Angry residents make their point Protesters pack meeting on plan for long-range growth

April 18, 1997|By Tom Pelton | Tom Pelton,SUN STAFF

The 350 protesters who packed a community meeting last night on Anne Arundel County's long-range plan for growth in the county's rural areas spoke the rhetoric of fear.

Their signs screamed, "Meet the Monster that could eat South County!" Their T-shirts pleaded, "Save our Home!" They wore bright green stickers with thumbs-down signs.

L They jeered at county planners. One grumbled, "Yuppie scum!"

The county officials who tried to explain the proposed General Development Plan spoke in a different language.

Using an electronic pointer to highlight maps on an overhead projector, they explained that the proposed land-use plan for the next 20 years would discourage suburban sprawl in the south county instead of encouraging it.

The meeting at Southern High School in Harwood was one of several that will take place over the next four months as county officials get public input on the most recent revision of a long-term land-use plan that is updated about once a decade.

The 1997 version of the county's General Development Plan calls for about 60 percent of the county's 416 square miles to remain rural and attempts to guide most construction into what it calls "primary growth areas."

Some residents of the southern part of the county are angry because among the growth areas are the communities of Shady Side, Deale and Edgewater on the Chesapeake Bay.

County officials argue that little will change for those areas. For more than 30 years, the county has marked these areas for growth although it did not label them "primary growth areas." A decade ago they were called "planned growth areas."

If anything, the county has become more aggressive in attempting to control growth since the drafting of its first land-use plan in 1966, Richard Josephson, chief of land use and facilities planning for the county, said.

In 1966, the county targeted about 86 percent of its land for growth by planning to extend sewer and water lines. In 1977, the county reduced this to about 58 percent of its land. In 1986, the amount was cut back to about 50 percent. And in this year's

version of the long-range plan, the amount is reduced to about 40 percent.

The amount of land set aside for rural use in the south county is about the same as in this year's version of the plan -- about 85 percent -- as in the 1986 version, Josephson said.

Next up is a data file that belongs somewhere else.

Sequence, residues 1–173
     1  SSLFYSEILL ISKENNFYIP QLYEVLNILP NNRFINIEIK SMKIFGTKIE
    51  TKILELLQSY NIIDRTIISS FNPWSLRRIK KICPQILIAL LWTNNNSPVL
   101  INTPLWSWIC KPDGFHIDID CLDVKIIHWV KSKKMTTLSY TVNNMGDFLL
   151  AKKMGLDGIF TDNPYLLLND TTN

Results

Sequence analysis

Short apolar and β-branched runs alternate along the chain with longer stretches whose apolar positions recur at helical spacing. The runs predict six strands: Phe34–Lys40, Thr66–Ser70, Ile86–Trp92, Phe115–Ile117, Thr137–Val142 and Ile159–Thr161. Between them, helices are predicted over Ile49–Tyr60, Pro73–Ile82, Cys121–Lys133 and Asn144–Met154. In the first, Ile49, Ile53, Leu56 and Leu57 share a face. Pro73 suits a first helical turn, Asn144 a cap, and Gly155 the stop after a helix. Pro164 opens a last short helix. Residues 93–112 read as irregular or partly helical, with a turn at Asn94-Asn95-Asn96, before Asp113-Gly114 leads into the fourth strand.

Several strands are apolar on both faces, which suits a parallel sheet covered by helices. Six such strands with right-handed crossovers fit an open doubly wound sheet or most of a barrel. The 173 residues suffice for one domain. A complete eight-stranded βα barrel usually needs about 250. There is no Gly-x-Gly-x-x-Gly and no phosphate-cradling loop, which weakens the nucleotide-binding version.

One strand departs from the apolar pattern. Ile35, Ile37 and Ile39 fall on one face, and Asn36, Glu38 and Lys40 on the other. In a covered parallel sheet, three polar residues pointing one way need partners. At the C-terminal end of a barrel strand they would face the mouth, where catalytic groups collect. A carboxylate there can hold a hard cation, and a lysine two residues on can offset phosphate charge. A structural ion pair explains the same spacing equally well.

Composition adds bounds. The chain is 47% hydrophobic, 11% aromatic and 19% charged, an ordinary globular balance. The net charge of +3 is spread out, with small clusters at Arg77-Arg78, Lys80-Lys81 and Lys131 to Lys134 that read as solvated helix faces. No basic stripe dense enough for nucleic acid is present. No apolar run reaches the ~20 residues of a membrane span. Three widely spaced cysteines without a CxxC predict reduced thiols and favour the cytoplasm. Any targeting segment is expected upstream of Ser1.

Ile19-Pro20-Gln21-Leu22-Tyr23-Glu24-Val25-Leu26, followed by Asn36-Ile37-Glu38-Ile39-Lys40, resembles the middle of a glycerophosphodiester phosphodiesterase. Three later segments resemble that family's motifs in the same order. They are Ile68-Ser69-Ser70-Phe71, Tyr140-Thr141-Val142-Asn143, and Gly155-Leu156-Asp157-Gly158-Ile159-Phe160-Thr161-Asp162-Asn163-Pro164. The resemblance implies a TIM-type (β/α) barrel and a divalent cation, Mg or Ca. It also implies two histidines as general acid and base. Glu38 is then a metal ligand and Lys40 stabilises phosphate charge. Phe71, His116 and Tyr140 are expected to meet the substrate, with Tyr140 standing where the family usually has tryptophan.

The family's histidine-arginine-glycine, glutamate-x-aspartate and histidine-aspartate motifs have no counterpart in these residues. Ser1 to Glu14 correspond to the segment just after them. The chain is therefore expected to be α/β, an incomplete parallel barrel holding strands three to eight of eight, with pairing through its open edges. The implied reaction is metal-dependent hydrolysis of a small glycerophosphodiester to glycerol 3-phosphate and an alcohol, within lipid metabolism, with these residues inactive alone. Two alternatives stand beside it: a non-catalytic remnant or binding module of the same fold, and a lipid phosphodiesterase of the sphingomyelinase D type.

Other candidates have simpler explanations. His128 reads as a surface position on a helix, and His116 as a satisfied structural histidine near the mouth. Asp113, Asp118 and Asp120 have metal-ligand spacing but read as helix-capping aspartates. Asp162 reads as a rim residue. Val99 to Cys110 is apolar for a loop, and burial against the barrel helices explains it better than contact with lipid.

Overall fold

Fear new label

But many residents of the "primary growth areas" in the south county said last night that they fear the new "primary growth" label will encourage so much construction that their roads will be clogged, their schools will become crowded, and the Chesapeake Bay will become more polluted.

Some complained about another element of the proposed revision: a proposal that would allow developers for the first time to swap development rights in areas designated for rural use for development rights in areas designated for growth.

Residents who live along the Chesapeake Bay said they worried this would save the inland farmland but further crowd the waterfront communities targeted for "primary growth."

"Why can't the county consider no growth as a goal?" demanded Graydon Ripley, a 56-year-old lawyer from the south county.

Josephson replied: "If we told the people who live in the county to stop having children then perhaps we could have no growth as a goal. But the fact is, we're going to have some amount of additional people, and we are trying to determine where these people should live."

Several meetings held

"This plan would seem to imply a massive change in our community, from a rural community to basically residential subdivisions. . Why didn't the public have more input?" demanded Tom Abercrombie, 67, who lives in Shady Side.

Josephson replied that the county has already had several public meetings at which the land-use plan was discussed.

He said there would be no substantial changes in the south county.

"All you have to do is look at the county [plan] and the one 10 years ago, and you will see that massive changes are not being proposed," Josephson said. "The southern county is still about 85 percent rural. And that's not going to change at all."

Michael Shay, a 47-year-old construction worker, was skeptical, saying, "There are a lot of people who are very angry that they have targeted our area for growth.

"We're talking about suburban sprawl along the shoreline, and that's completely detrimental to the concept of saving the Chesapeake Bay," Shay said.

Pub Date: 4/18/97

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